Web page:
Injera Recipe

A naturally fermented, spongy, gluten-free flatbread from Ethiopia is made from teff flour and Water, using wild yeast to ferment over a couple of days. It is then cooked like a crepe and turned into a flavorful, tangy bread to serve with your favorite Ethiopian food. The fermentation process can take up to 2 or 3 days, depending on your climate.

There are a number of different recipes to make Injera and none have a solid formula. A number of factors can alter the quality of injera such as the temperature of the grill, the type of grill (Mitad), the temperature of the dough during fermentation, quality of the flour, ways of mixing the dough, etc.

Injera is typically served with vegetables and/or meat on top where the bread is actually an eating utensil.

MEASUREMENTS AND INGREDIENTS

  • 5 pounds self-rising flour
  • 1 pound teff
  • 1 pound corn flour
  • 1/2 gallon Water (till medium thickness)

INSTRUCTIONS

  1. Add all ingredients in large bowl and mix thoroughly by hand.
  2. Let it ferment overnight (24 hours) in room temperature.
  3. Heat a flat round or square grill (Mitad) to 400 degrees.
  4. Remix the dough; if too thick add more Water till dough is runny (medium thickness).
  5. Pour dough on grill in rotating motion. Let cook approx. 30 sec – 1 min. and remove by grabbing one end with both hands.
  6. Let cool to room temperature before serving. If you see the eyes and it feels spongy, then you have your perfect Ethiopian bread

RECIPE SOURCE: https://allaboutethio.com/rinjera.html

 


Alternative Recipe

Injera 2 | Ethiopian Food Guide
IMAGE SOURCE

MEASUREMENTS AND INGREDIENTS

  • 3 cups cake flour
  • 1 cup buckwheat flour
  • 2 tablespoons baking soda
  • 1 teaspoon salt
  • 4 cups club soda
  • 1 cup white or rice vinegar
  • Oil

INSTRUCTIONS

To make the Injera is just as simple. These are the basic steps:

  1. Mix both types of flour, salt and baking soda together in a large bowl.
  2. Whisk in the club soda until the mixture is smooth.
  3. Then add the vinegar and mix a bit more. You will note that a type of batter is formed.

It is now time to cook your pancake-like pieces of flatbread. These are the basic steps:

  1. Wipe a skillet with the oil.
  2. Heat the skillet over a medium heat.
  3. Scoop the batter into the skillet and create a circle while carefully swirling the pan to help form the round pancake-like pieces of bread.
  4. Cook for one minute and flip the cooking batter as you would a pancake.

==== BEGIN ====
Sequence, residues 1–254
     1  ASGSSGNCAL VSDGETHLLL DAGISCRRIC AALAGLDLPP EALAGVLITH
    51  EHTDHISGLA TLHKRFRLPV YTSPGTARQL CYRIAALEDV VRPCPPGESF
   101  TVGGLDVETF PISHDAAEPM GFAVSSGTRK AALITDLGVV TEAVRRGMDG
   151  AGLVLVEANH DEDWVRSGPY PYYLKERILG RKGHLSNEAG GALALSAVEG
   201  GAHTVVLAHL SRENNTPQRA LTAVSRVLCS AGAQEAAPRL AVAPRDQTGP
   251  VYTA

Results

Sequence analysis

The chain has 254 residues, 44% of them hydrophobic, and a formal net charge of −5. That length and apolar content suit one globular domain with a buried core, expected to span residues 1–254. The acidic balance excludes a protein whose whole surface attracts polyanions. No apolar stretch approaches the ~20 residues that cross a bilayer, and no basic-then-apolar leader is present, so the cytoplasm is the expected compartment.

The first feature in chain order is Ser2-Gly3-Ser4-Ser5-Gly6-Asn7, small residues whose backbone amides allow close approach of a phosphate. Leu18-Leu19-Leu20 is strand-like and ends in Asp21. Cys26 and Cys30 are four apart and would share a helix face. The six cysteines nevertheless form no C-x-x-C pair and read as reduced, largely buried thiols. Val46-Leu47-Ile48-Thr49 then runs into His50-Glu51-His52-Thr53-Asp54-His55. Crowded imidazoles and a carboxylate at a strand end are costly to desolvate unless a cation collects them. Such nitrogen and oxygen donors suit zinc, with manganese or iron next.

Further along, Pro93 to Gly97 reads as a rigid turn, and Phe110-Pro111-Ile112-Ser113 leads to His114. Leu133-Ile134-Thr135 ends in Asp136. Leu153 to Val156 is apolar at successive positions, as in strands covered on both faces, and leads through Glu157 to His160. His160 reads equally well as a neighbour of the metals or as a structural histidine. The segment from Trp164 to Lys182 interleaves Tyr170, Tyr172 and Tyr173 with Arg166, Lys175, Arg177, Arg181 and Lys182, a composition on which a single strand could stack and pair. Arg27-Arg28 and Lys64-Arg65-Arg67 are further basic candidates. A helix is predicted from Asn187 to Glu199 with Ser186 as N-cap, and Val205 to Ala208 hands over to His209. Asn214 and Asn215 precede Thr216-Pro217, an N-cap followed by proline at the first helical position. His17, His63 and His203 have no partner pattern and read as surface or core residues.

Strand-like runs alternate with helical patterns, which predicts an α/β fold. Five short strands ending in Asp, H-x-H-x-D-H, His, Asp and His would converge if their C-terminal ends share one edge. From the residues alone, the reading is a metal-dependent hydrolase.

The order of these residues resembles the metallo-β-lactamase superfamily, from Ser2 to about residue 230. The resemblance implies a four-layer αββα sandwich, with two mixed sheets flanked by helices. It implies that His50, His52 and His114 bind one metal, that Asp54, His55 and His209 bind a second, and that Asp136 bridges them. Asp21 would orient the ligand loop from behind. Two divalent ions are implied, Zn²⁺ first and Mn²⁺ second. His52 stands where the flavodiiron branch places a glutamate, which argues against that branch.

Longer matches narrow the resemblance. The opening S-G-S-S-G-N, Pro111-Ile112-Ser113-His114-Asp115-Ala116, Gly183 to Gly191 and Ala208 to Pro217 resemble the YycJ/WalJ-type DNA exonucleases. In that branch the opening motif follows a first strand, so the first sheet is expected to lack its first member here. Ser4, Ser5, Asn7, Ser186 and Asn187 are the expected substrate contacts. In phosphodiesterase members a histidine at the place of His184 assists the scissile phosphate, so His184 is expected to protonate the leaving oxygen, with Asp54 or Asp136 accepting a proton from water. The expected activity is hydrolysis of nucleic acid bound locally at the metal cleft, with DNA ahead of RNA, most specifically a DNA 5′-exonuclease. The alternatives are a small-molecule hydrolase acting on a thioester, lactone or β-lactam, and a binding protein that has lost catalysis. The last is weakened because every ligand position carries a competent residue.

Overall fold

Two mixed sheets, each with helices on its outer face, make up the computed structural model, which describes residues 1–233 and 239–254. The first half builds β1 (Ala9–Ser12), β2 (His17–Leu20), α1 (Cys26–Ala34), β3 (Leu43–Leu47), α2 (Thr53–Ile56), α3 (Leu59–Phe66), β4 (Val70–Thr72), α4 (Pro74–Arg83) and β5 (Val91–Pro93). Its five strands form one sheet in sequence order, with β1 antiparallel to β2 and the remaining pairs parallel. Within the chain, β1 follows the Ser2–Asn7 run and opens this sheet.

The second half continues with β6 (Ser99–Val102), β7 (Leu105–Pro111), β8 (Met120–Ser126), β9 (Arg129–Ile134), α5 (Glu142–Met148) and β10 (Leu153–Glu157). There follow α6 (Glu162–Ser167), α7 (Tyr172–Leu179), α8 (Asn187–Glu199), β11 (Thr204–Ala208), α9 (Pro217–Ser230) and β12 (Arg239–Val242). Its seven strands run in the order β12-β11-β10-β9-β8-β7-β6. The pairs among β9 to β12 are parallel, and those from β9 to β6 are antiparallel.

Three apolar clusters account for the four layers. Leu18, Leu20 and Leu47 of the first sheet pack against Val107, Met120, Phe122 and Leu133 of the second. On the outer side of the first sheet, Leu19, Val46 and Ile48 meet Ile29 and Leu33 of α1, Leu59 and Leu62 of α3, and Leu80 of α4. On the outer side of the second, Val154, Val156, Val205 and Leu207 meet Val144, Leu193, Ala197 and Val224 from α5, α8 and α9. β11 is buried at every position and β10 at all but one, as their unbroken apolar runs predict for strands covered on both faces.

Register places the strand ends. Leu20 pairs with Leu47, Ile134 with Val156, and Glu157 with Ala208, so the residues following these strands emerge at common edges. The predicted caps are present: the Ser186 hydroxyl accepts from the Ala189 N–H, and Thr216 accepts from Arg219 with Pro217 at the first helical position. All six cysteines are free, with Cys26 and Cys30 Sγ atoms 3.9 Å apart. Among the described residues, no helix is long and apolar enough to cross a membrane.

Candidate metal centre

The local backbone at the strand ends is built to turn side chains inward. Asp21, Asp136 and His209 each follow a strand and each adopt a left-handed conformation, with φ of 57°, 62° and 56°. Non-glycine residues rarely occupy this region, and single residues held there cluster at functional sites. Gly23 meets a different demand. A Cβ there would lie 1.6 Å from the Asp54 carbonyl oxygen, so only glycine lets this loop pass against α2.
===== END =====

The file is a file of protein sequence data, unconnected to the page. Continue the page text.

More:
5. Repeat until all the batter is used.
  6. Remember, Injera must be slightly crispy, as it will soften on standing.
  7. Cut the Injera in half with a pizza cutter, roll into tubes and stack on top of each other.
  8. Serve with your Doro Wot.

RECIPE SOURCE: https://www.demandafrica.com/food/all-you-need-to-know-about-ethiopian-food/

 


Alternative Recipe

Injera 3 | Ethiopian Food Guide
IMAGE SOURCE

MEASUREMENTS AND INGREDIENTS

  • ½ cup white teff flour
  • ¼ cup brown teff flour
  • 3 tablespoons white teff flour, divided, or as needed
  • 1 cup Water
  • 3 tablespoons Water, divided, or as needed
  • 1 teaspoon vegetable oil (optional)

INSTRUCTIONS

  1. Mix 1/2 cup white teff flour and brown teff flour together in a bowl. Add 1 cup Water and whisk well. Pour mixture into a glass container large enough to hold 3 times the original volume. Cover with cheesecloth or other breathable fabric to keep out dust; do not seal with plastic wrap as air circulation is vital. Leave covered container in a draft-free environment; the mixture needs air to be circulated in order to ferment. Stir batter 2 times over 24 hours.
  2. Check for bubbles and possibly an increase in volume after 24 hours; there may also be a slightly tangy and sour smell. When you notice these things, add 1 tablespoon white teff flour and 1 tablespoon Water to the batter and whisk well. Check in a few hours to see if bubbles have again formed, mixture has increased in volume, and the pungent smell is still evident; if so, the batter is ready and you can skip to the cooking process (step 5).
  3. Leave batter to rest another 12 hours if the mixture has not begun to form or smell sour after the first 24 hours; stir once during this time. Check to see if bubbles have formed, mixture has increased in volume, and a pungent smell is evident; if so, proceed with step 4.
  4. Mix together 2 tablespoons white teff flour and 2 tablespoons Water in a bowl, making sure there are no lumps. Add mixture to the batter, whisking well. Wait a few hours; batter should be bubbly with a noticeable increase in volume and a pungent but fragrant smell, indicating it is ready to be cooked.
  5. Heat an 8-inch crepe pan or nonstick skillet over medium heat. Add oil. Pour a scant 1/2 cup batter slowly and steadily into the hot pan in a circular motion from outside to inside. Cover the pan completely in a spiral without swirling. Cover, reduce heat to medium-low, and cook, allowing steam to cook the top of the bread, 1 to 3 minutes. Remove from pan with spatula and transfer to a plate; cover to keep warm. Repeat with remaining batter.

NOTE:

The objective of the fermentation process is to achieve a liquid mixture (like a crepe batter) with a slightly pungent smell and a moderate increase in volume. This can take up to 3 days but could occur in 12 hours, depending on the humidity and temperature of the environment. Keep your eye and nose on the mixture to understand when it is ready.

Learn More About Ethiopian Foods Here.

RECIPE SOURCE: https://www.allrecipes.com/recipe/264651/injera-ethiopian-teff-bread/?internalSource=hub%20recipe&referringContentType=Search

IMAGE SOURCE: https://craftlog.com/us/cooking/ext-quick-injera-recipe-ethiopian-sourdough-crepe-yXVC